. . . Engelhardt is struck by how, to her, Allen had conjured a make-believe world in which Ike could conduct his relationship with a teenage partner, able to parade her in public and among friends in a fantasyland devoid of any disapproval, noting how it contrasted with her own enforced seclusion. "I was kept away," she observes. The ethical milieu Allen establishes among the rest of the adults in the film is striking. Without exception, they're either bemusedly ambivalent or outright supportive of the pair's relationship.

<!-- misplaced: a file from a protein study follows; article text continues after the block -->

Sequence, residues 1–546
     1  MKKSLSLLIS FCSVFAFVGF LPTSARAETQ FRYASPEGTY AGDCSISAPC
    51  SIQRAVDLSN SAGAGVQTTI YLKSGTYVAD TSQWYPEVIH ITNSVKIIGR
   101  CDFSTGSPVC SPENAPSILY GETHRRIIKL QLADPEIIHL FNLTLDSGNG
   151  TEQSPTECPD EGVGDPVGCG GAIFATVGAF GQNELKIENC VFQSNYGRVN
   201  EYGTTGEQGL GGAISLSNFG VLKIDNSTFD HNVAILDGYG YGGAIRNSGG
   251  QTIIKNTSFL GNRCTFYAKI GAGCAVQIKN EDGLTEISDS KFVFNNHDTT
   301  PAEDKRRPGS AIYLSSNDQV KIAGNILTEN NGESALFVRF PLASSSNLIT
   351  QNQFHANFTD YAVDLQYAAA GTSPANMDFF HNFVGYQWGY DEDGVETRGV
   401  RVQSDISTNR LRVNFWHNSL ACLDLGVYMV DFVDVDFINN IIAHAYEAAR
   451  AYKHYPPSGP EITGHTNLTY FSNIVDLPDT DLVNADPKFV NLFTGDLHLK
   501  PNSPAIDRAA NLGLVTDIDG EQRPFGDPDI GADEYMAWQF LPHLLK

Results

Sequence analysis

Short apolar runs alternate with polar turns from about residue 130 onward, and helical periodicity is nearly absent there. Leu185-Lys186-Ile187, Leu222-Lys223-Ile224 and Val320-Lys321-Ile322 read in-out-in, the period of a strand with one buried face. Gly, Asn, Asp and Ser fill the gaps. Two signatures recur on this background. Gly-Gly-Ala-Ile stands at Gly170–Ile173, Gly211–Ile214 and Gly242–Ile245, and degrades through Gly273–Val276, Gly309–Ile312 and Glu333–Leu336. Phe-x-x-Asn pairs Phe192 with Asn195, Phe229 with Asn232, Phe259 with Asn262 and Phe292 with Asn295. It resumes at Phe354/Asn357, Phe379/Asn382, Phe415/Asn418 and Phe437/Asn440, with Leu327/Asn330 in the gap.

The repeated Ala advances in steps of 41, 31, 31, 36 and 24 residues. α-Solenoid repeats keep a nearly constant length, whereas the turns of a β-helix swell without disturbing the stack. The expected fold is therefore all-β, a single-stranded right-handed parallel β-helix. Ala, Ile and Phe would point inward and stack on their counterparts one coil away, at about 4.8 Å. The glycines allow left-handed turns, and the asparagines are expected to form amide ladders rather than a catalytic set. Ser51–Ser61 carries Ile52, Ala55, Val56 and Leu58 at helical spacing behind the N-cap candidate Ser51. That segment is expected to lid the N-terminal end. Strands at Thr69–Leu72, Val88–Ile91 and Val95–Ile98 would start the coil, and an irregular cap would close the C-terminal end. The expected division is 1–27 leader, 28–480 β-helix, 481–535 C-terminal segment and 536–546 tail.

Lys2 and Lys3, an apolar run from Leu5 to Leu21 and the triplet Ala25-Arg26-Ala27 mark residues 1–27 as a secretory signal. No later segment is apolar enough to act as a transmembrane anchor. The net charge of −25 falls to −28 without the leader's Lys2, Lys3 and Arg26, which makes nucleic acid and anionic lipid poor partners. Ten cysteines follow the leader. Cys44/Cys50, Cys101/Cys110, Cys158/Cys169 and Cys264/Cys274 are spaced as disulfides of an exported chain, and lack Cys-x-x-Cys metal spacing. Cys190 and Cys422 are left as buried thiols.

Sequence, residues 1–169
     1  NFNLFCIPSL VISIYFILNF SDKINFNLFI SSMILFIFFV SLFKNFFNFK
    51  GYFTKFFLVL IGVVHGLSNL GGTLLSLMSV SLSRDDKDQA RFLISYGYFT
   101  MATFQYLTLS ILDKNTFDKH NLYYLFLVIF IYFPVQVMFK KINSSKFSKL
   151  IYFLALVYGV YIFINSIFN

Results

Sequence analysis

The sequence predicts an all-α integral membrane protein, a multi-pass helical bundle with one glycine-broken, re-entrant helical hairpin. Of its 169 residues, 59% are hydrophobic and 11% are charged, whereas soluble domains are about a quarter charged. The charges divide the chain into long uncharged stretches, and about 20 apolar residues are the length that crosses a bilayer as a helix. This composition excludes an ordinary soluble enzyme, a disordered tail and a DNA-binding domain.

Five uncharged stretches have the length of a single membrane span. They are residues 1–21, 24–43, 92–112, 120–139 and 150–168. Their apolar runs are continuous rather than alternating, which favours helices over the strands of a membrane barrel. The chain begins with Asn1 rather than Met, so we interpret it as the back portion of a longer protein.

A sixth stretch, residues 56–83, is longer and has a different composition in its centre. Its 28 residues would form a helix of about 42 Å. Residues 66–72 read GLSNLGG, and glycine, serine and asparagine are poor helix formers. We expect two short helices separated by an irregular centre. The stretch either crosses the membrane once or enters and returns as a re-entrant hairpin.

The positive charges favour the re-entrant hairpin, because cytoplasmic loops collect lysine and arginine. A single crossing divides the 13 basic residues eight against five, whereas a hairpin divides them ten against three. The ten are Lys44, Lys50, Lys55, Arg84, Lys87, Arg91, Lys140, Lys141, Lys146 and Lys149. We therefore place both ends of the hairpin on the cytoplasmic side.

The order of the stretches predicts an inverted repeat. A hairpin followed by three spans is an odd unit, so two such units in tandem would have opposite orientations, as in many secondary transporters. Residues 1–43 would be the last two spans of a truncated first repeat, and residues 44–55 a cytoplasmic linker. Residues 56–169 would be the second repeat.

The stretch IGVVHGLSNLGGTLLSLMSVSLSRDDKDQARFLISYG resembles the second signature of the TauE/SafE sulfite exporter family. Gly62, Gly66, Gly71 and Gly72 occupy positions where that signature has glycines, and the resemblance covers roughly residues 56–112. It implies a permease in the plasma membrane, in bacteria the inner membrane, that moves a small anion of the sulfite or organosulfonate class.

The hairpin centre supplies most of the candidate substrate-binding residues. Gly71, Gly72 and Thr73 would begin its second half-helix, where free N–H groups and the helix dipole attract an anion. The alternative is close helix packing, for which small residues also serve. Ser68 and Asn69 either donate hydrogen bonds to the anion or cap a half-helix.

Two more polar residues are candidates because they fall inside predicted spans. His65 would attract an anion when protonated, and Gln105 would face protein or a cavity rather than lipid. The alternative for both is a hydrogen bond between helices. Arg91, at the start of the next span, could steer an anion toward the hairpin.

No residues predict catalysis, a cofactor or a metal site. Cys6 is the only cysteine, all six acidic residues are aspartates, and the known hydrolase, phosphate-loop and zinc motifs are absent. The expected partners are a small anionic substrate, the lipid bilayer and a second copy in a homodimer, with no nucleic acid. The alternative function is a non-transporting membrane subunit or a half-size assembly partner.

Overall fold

My father was 36 when he took my mother out on their first date to a seafood place in the Village. She was 15, with a confident streak and a painful past. He had a story he told himself about the world and what he was owed. She had hitchhiked across the country and lived by her wits among the street kids and freewheeling counterculture of the early '70s, and yet also was shaped by a military upbringing, in which a man's rank confers all power. At the photos from their wedding later that year, they are surrounded by adults — their best friends, both of his parents and his sister — and my mother, in her long white cotton dress embroidered with little flowers, looks like a radiant teenage girl being seen off by extended family to a school dance.